Egypt's staple foodstuff sufficient for 5-6 months: Supply Minister

Ahram Online , Monday 31 Oct 2016

Mohamed Ali El-Sheikh
Egypt's Supply Minister Mohamed Ali El-Sheikh speaks during a news conference at the headquarters of the Ministry of Trade and Supply in Cairo, Egypt October 19, 2016. (Photo: Reuters)

Egypt's supplies of essential foodstuff are sufficient to cover five to six months, Supply Minister Mohamed Ali El-Sheikh told a parliamentary committee on Monday.

In statements reported by state news agency MENA, the minister said that there was enough sugar to last for four and a half months, and enough oil for 5 and a half months.

Egypt has been suffering from a shortage of certain basic foodstuff, including sugar and rice, due to an acute dollar shortage.

The severe sugar shortage has resulted in a price hike in unsubsidised sugar that has reached EGP 9-10 per kilogramme, up from EGP 4.5-6 in August.

The ministry announced earlier this month that it had set the price of subsidized sugar at EGP 5 per kilogramme and increased the price for commercial and industrial purposes from EGP 6 to 7 per kg, in an attempt to regulate the market.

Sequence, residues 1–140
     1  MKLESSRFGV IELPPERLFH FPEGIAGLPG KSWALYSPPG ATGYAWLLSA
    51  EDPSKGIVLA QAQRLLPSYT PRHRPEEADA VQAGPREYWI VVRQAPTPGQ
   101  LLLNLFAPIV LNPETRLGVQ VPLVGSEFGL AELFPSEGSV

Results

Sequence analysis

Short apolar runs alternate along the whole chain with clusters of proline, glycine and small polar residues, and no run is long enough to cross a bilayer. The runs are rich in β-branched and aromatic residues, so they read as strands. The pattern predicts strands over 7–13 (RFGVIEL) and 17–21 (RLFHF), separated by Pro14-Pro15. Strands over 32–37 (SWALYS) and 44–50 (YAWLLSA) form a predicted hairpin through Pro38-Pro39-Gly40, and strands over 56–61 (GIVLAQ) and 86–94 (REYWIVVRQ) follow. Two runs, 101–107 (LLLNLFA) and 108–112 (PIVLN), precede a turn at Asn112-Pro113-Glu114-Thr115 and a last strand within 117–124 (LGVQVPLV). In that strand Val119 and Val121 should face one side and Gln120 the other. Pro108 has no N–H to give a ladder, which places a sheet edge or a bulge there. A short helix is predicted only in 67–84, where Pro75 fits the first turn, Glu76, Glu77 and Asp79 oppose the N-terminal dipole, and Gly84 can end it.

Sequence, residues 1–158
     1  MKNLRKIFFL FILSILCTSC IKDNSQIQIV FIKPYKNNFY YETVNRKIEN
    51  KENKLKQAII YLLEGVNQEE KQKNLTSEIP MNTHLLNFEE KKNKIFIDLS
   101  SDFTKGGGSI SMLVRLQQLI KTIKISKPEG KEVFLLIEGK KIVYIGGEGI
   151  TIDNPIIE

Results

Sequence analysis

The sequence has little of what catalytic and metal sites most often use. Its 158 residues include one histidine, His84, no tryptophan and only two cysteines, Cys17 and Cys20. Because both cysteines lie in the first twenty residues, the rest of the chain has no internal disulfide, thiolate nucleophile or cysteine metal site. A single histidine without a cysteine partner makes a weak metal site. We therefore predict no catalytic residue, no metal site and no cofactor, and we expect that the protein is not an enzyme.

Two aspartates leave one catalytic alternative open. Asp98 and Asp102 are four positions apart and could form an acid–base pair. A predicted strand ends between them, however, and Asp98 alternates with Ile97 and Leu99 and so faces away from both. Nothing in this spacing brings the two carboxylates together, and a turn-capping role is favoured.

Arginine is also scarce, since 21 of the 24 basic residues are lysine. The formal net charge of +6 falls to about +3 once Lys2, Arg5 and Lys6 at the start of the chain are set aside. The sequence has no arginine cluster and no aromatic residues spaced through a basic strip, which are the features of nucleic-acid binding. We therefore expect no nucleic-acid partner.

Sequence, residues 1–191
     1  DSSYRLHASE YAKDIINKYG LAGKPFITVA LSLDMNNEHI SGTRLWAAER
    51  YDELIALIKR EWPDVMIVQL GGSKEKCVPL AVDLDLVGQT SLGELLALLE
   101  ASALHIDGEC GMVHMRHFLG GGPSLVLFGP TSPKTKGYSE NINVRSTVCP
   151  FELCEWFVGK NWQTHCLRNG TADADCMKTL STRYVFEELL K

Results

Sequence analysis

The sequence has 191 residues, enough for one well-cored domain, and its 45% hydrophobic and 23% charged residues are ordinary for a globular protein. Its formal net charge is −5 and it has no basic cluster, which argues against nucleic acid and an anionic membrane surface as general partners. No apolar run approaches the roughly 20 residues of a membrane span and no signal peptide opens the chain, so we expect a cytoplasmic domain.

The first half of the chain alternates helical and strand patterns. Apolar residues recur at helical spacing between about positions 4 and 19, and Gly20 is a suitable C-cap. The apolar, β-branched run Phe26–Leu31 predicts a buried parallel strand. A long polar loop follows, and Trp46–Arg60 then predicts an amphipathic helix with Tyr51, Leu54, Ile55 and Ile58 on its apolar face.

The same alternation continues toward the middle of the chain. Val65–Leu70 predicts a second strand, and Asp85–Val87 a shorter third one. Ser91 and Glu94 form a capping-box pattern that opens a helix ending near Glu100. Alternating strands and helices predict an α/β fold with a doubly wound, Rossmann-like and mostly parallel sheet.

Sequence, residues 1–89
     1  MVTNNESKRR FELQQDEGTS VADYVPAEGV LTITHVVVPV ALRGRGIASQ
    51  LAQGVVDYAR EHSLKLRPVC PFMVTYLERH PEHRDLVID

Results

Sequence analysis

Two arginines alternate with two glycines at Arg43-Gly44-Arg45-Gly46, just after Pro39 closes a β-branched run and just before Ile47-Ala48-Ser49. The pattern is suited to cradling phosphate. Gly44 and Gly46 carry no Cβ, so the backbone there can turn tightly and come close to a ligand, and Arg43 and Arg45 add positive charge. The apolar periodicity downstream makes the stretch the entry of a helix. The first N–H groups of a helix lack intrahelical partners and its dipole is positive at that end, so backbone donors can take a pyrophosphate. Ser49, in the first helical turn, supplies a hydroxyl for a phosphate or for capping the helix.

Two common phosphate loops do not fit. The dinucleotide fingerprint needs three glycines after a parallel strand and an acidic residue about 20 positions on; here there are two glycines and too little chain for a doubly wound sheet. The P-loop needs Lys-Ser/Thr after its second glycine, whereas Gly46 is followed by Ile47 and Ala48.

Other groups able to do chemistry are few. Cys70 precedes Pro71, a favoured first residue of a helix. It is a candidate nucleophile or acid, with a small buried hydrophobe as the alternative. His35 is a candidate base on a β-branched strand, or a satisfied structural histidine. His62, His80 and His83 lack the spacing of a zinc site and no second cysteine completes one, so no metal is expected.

On the sugar shortage, El-Sheikh said that the price of sugar has increased internationally, adding that with traders not importing sugar, his ministry found itself in a crisis without proper notice.

He pointed out that there were sugar reserves available, however, saying that the ministry had already been providing 70,000 tonnes of sugar, before it increased to 240,000 tonnes to resolve the crisis.

On the shortage of rice, El-Sheikh said that it was the only food commodity with no reserves due to farmers reneging on an agreement to supply rice to the ministry.

In recent months, rice has been among the essential foodstuff facing price hikes as a result of low supply due to traders hoarding stock.

According to the US Department of Agriculture's Grain and Feed annual report issued in October, the post forecast for milled rice production in Egypt is at 4.0 million metric tonnes with a post forecast for rice consumption at 3.5 million metric tonnes in 2016/17.

Earlier in parliament on Monday, Egypt’s Prime Minister Sherif Ismail said that the government is planning on importing all essential foodstuff for 6 months at a cost of USD 1.8 billion, following an agreement with the Central Bank of Egypt.

The country's net international reserves currently stand at $19.591 billion, according to the central bank.

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